The dining scene in St. Thomas these days is among the best in the West Indies, but it has its drawbacks: Fine dining (and even not-so-fine dining) tends to be expensive, and the best spots (with a few exceptions) are actually not right in Charlotte Amalie and can be reached only by taxi or car.

You'll find an eclectic mix of cuisines on St. Thomas, including American, Italian, Mexican, Asian, and other options. We recommend exploring some of the local Caribbean dishes at least once or twice, especially the seafood specialties like "ole wife" and yellowtail, which are usually prepared with a spicy Creole mixture of peppers, onions, and tomatoes. The winner among native side dishes is fungi (pronounced foon-gee), made with okra and cornmeal. Most local restaurants serve johnnycake, a popular fried, unleavened bread.

On the Trail of Good Barbecue -- Locals will direct you to one of three locations for Texas Pit BBQ: the Charlotte Amalie Waterfront, Red Hook, or Seabay. The owners brought their secret barbecue recipe from Texas, where they learned how to make a fiery sauce to wake up your palate -- "and everything else," a habitué confided. These takeout stands are favored by yachties, St. Thomas cowboys, and frugal families. Chicken, tender ribs, and Texas-style beef are dished up in hearty portions, along with rice, coleslaw, and potato salad. One local pronounced these ribs the island's best. We tend to agree. The Waterfront joint, across from the Windward Passage Hotel on Veterans Drive, is open Monday to Saturday from 5:30 to 11pm; Red Hook, at the Red Hook Plaza, Monday to Saturday from 3 to 10pm; and Seabay, at the Nisky Center, Monday to Saturday from noon to 5:30pm. For information, call tel. 340/776-9579.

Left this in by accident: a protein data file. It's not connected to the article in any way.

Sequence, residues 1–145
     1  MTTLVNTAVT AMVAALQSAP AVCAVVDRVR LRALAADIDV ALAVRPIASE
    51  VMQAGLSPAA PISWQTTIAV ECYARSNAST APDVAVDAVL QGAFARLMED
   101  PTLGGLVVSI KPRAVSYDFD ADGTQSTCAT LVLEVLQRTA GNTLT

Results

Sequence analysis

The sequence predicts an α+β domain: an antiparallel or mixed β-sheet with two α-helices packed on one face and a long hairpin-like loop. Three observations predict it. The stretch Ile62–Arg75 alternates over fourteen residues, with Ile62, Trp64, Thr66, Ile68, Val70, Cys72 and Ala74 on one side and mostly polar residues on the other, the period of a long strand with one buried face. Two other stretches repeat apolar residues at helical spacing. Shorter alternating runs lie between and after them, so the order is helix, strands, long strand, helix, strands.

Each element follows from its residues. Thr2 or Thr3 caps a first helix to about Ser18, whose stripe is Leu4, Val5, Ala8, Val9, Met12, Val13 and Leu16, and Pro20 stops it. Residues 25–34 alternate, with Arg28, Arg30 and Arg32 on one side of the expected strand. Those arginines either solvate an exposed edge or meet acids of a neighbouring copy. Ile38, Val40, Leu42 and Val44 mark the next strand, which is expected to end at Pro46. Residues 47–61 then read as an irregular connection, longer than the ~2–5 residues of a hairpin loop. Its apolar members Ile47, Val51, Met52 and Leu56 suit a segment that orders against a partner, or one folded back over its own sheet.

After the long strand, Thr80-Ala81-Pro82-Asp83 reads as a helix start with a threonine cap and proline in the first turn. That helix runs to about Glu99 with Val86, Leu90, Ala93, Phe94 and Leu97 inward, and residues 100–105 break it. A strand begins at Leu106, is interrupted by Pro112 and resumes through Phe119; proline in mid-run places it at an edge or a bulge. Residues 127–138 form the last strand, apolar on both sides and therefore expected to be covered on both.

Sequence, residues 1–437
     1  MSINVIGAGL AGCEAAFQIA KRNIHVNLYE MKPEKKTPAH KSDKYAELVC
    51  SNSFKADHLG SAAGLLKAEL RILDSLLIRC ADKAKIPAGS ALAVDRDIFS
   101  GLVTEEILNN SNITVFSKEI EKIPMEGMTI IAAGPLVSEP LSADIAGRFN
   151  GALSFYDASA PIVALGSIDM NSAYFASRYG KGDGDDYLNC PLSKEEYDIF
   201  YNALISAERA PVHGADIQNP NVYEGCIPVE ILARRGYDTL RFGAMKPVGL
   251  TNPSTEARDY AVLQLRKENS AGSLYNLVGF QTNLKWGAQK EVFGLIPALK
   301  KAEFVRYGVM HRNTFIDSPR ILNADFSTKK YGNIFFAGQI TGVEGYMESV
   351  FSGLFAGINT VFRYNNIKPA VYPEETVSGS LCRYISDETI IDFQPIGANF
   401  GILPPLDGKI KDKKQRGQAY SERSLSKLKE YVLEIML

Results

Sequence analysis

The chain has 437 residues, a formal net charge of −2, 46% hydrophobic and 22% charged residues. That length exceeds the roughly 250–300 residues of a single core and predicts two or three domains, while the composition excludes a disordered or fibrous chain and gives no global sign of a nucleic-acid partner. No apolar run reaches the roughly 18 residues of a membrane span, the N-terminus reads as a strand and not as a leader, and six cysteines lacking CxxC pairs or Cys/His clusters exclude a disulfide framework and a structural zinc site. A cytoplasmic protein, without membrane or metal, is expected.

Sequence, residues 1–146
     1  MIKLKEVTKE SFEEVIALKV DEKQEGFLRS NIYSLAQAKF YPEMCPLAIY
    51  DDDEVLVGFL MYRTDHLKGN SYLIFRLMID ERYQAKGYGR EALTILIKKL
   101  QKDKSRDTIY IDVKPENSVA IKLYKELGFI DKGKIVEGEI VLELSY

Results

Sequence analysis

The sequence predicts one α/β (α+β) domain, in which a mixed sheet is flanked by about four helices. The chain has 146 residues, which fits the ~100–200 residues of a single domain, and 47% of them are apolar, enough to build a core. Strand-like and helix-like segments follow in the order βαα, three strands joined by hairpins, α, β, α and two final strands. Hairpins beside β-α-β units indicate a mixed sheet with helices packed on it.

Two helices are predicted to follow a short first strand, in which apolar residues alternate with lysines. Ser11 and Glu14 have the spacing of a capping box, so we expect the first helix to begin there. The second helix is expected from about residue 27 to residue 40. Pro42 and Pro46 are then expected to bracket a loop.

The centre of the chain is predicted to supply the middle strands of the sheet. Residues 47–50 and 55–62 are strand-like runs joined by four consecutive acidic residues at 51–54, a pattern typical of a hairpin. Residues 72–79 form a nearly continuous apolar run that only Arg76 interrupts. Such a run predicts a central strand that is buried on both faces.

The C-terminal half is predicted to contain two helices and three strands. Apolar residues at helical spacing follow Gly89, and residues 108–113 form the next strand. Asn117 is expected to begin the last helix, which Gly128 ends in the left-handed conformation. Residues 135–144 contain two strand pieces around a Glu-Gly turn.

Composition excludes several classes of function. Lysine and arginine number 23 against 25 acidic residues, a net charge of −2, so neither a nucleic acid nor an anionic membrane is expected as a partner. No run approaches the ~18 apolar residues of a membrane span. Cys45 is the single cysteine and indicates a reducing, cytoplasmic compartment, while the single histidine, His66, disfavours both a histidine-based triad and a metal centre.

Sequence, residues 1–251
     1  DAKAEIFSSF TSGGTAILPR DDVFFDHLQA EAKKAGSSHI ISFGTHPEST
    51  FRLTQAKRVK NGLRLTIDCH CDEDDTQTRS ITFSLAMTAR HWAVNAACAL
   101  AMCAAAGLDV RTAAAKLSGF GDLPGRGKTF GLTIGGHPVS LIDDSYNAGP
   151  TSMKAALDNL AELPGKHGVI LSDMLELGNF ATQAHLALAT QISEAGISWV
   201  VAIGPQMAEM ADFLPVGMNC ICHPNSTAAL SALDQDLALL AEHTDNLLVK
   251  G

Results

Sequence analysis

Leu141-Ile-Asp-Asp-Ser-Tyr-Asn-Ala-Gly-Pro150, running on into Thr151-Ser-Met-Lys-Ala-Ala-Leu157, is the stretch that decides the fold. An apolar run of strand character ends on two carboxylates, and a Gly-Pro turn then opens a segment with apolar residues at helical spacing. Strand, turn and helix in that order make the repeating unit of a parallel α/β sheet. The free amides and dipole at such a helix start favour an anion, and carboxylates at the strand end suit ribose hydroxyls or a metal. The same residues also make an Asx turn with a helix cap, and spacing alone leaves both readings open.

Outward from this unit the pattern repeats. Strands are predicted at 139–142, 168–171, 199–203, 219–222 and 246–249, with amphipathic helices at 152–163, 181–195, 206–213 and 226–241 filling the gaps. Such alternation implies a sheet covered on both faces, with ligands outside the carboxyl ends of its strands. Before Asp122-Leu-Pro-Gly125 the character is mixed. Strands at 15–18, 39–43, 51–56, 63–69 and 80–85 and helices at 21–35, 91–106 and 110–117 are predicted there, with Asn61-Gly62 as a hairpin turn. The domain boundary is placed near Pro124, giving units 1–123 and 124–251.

Note: This information was accurate when it was published, but can change without notice. Please be sure to confirm all rates and details directly with the companies in question before planning your trip.